5. I love Adichie, but most of the stories in that collection felt too schematic for me. (I did love ‘Jumping Monkey Hill’ which felt like it was wrestling with some of the questions she returns to in Americanah.)

    Liked by 1 person

    1. I think I like a tidy ending 😉 Most stories I read just seem to stop without making a point. I found lots of connections with Yellow Sun and Americanah; it was very satisfying.

      Liked by 1 person

  6. I always find McEwan too nasty for me, in various ways!

    Liked by 1 person

    1. His recent stuff has been more on the bizarre/comic end rather than nasty. I mostly have his backlist to explore and have a feeling I have some dark stuff ahead of me.

      Liked by 1 person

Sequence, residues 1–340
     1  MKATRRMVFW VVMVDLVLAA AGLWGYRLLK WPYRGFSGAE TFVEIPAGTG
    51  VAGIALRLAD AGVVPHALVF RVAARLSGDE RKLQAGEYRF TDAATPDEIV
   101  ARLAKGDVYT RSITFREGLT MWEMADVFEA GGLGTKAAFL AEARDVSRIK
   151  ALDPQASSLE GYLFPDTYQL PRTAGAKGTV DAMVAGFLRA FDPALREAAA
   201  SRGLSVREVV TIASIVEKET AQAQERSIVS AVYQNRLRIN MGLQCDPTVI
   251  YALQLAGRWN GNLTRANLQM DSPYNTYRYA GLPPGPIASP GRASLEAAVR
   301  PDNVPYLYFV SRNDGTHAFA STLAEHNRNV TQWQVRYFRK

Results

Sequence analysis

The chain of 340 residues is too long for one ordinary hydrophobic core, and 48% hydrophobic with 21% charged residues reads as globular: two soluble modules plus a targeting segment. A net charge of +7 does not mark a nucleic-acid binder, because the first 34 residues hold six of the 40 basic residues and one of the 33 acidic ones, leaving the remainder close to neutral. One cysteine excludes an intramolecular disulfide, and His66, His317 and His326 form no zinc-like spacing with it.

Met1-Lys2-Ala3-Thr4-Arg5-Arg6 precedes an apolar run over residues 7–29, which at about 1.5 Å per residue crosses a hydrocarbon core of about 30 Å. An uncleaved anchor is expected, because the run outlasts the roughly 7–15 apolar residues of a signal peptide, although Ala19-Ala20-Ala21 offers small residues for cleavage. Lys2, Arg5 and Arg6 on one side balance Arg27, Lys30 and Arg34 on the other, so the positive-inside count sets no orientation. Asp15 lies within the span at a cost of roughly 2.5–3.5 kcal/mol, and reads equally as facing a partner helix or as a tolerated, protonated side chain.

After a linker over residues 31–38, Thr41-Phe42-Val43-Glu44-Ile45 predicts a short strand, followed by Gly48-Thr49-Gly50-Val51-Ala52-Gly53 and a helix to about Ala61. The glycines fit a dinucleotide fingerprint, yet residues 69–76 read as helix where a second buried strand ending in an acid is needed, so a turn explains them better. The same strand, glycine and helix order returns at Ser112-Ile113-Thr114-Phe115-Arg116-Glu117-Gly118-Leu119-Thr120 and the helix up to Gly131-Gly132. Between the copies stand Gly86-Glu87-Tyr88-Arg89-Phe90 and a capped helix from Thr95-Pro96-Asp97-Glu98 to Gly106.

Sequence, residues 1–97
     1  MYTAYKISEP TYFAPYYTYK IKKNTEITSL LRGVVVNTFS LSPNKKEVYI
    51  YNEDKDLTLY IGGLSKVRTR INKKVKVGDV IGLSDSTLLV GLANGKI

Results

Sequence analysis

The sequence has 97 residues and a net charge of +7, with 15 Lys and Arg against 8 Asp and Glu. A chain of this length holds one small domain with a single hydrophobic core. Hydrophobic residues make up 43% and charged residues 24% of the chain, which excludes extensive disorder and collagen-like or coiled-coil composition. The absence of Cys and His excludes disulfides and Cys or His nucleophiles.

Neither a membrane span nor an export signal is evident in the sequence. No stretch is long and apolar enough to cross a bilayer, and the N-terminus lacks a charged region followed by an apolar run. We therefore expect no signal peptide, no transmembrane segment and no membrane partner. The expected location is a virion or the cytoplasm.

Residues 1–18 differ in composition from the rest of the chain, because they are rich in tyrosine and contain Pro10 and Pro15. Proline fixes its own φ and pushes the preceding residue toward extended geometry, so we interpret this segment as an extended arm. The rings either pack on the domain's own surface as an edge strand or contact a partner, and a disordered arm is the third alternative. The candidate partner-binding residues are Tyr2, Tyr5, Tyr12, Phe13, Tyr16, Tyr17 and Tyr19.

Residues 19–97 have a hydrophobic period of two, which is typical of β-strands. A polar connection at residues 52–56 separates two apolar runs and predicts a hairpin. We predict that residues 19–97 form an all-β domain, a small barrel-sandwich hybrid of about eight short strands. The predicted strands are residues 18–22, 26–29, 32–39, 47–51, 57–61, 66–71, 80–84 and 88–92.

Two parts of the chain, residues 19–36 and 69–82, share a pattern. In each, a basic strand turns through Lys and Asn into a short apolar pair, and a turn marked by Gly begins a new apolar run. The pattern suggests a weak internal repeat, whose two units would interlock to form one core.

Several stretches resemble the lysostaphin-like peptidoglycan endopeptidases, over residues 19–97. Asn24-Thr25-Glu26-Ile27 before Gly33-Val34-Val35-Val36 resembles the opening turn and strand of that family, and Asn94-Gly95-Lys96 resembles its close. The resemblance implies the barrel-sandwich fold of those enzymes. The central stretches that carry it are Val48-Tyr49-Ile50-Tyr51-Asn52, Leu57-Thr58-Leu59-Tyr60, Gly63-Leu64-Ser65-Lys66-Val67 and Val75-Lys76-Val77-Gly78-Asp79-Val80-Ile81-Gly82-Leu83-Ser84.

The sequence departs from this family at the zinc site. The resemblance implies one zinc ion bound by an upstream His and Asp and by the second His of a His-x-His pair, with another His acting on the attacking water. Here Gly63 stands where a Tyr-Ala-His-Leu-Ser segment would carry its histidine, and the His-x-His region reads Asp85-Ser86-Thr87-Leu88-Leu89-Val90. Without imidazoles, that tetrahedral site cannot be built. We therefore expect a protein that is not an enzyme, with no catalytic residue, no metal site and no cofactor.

7. The last line of your McEwan review made me laugh. Oh dear… they do sound a little too much.

    The first two collections sound great. I’m glad not all your attempts have been mediocre.

    Two collections I have just read and loved: The first you already know… How To Pronounce Knife. The other I’m in the middle of right now – Dominoes at the Crossroads by Kaie Kellough.

    Liked by 1 person

    1. I love both of the titles you’ve been reading! I’d be drawn to them just for that.

      Liked by 1 person

  8. Also, Hellgoing by Lynn Coady, if you can find it there. I haven’t read it (yet!) but it won the Giller a few years ago. And Light Lifting by Alexander MacLeod. If you can find the Hellgoing, let me know – I’ll read it with you!

    Liked by 1 person

    1. I love getting recommendations of reliable story collections! Thank you.